What is in this article?:
- 34th Annual Official Education Construction Report
- Education construction completed in 2007
- Education construction projected to be completed in 2008-2010
- Education construction: The past 10 years
- New school costs (Median)
- Construction Insight: School Districts
- Construction Insight: Colleges
- School Data
- College Data
Spending onby the nation's school districts and colleges slowed in 2007, representing the fourth consecutive year total expenditures dropped from the year before and setting a low point in spending so far this decade, according to American School & University's 34th annual Official Education Construction Report.
A difficult economy and rapidly rising costs took their toll as many education institutions trimmed or postponed planned projects. Total spending on new, addition and modernization construction by school districts and higher-education institutions dropped to $32.9 billion from $36.6 billion in 2006. But while total spending slowed, the amount K-12 institutions and colleges allocated to new buildings increased, reflecting the pressure to continue constructing new spaces to keep up with enrollment growth.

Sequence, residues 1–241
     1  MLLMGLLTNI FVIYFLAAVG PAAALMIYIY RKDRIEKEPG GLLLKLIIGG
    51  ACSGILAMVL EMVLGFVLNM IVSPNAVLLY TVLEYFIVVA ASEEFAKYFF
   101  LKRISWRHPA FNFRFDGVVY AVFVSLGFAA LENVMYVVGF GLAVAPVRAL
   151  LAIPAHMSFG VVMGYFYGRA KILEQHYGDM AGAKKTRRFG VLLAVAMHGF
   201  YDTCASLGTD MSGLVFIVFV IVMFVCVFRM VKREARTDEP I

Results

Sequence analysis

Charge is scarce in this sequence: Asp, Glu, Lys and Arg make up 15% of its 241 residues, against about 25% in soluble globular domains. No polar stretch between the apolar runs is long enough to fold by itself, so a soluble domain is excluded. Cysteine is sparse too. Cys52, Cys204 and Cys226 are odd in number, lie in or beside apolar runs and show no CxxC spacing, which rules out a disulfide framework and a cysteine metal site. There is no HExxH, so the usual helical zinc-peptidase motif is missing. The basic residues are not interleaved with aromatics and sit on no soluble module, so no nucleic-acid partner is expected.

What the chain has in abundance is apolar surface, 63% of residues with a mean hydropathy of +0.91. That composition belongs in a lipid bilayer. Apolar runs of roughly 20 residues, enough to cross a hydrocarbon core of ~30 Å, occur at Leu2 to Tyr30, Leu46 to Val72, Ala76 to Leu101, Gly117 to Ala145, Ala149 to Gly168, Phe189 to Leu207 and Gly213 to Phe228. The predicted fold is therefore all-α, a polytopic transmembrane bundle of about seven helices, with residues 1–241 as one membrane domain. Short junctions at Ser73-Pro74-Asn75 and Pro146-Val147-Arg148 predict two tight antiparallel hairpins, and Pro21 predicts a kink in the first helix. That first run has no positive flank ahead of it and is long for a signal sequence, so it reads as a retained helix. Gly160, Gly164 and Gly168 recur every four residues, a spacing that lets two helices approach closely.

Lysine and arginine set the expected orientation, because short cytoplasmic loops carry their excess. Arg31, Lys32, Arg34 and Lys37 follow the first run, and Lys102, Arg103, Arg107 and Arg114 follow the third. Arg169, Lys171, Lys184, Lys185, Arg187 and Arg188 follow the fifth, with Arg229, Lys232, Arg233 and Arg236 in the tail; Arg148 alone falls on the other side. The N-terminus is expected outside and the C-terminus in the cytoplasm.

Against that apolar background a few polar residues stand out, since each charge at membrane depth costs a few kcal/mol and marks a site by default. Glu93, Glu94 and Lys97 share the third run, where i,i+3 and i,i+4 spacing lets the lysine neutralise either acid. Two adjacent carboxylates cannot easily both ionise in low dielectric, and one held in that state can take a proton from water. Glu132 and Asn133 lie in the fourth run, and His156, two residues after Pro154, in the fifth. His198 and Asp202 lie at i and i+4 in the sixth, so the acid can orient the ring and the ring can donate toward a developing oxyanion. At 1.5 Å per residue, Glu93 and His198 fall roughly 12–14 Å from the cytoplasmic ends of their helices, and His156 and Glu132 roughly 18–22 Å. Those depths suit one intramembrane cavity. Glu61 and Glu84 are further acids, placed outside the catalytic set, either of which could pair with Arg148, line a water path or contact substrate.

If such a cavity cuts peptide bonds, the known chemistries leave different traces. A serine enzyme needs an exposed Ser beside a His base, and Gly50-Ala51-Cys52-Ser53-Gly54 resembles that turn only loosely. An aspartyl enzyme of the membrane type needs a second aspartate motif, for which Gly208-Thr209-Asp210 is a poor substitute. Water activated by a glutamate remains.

School district spending on new construction increased to $14.7 billion in 2007 from $13.7 billion the year before, and college spending on new construction jumped to $7.3 billion from $5.3 billion in 2006.
Following is the authoritative source for education construction data, detailing spending by type of institution; projected spending through 2010; per-square-foot and per-student costs; and much more. In addition, new data on the impact of green and security on education construction is included, providing you with insight as you plan future construction projects.
Arriving at the results
Results for the 34th annual Official Education Construction Report were compiled via a detailed questionnaire sent to chief business officials at the nation's school districts and colleges, asking about construction completed during the past year and construction planned to be completed in the next three years.
Administrators that completed or planned construction during this timeframe were then asked to provide a variety of details on the amount being spent, the type of construction being done (new, addition or modernization), and the expected completion date. All respondents involved with new and retrofit construction were asked to provide additional information on each project. Further follow-up correspondence was made to clarify some data. Responses were separated by institution type, region of the country and institution size, and projected across the education universe.